Pacific American-News Journal
Kepakemapa - September 1996 Volume 2 Issue 9
A signal for Caution
Caution is the watchword to be gleaned from the results of the
Native Hawaiian Vote released.
The vote tally suggests strong sentiment in favor of a
convention to propose a Native Hawaiian government. But to say
that represents the majority opinion of Hawaiians or that all
hold the same vision is saying far more than we know.
Only 33,000 out of 82,000 ballots were mailed back. That is a
return of 40 percent, much lower than the 73 percent return in
the 1994 Office of Hawaiian Affaires election.
Whether because of apathy confusion, or a protest of the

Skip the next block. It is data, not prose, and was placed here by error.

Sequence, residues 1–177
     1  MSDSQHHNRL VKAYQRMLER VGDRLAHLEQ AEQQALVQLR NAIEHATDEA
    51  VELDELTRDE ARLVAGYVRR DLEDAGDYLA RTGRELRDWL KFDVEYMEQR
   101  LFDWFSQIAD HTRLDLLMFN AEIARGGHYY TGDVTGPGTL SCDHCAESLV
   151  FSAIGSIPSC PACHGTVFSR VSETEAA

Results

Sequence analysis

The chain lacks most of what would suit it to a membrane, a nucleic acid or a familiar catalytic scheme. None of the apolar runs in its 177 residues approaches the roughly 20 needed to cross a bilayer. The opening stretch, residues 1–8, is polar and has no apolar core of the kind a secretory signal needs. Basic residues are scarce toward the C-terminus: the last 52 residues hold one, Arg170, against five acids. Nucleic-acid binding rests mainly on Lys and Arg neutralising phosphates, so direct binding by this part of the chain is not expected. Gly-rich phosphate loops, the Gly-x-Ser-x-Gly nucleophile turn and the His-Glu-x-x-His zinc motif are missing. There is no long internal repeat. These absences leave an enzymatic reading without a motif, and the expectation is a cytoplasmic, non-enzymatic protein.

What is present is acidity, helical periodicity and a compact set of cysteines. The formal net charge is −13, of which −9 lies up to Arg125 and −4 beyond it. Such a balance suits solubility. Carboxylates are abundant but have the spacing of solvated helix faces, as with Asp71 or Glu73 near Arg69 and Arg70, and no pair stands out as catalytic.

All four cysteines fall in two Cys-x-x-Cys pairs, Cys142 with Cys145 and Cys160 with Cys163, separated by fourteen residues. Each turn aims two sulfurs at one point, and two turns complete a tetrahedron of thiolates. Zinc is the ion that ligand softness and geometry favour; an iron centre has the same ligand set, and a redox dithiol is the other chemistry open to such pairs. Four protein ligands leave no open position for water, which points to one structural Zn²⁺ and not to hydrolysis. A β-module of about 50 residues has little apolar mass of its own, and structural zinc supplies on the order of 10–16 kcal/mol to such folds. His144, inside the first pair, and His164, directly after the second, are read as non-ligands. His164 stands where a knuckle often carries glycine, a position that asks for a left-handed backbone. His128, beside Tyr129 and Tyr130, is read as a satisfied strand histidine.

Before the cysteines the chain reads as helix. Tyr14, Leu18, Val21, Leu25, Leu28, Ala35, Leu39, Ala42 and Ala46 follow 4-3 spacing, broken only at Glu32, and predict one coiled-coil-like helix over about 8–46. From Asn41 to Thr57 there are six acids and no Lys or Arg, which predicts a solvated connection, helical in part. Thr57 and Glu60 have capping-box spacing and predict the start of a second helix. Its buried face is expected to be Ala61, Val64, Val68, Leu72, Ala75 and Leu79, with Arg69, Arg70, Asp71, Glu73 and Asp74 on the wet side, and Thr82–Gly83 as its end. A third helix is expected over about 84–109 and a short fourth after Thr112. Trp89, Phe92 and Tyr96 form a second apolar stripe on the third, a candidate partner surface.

Native Hawaiian Vote itself, the return suggests people may have
wanted more information. It may also suggest a clear division
within the Hawaiian community over holding the vote at all.
Additionally, about a fourth of the eligible ballots rejected
the idea of a convention. That is no small number in any
tally and should give pause to convention supporters.
The Native Hawaiian Vote tracks results of the Advertiser's
Hawaii Poll that suggest Hawaiians generally favor sovereignty,
but that they want to learn more about it and worry about its
One could draw the same conclusion from the latest tally. As
the process moves forward, everyone - Hawaiian and non-Hawaiian
alike - should bear this in mind and proceed with care.
Many Hawaiians are ready to move forward on the road to
sovereignty, but a significant number are choosing to tarry.
If the process of Hawaiian self-determination is to be truly
representative, then efforts must be made to bring as many as
possible to the table.
If the process is to be successful, it cannot end in isolation
or separation of Hawaiians from each other and the rest of the
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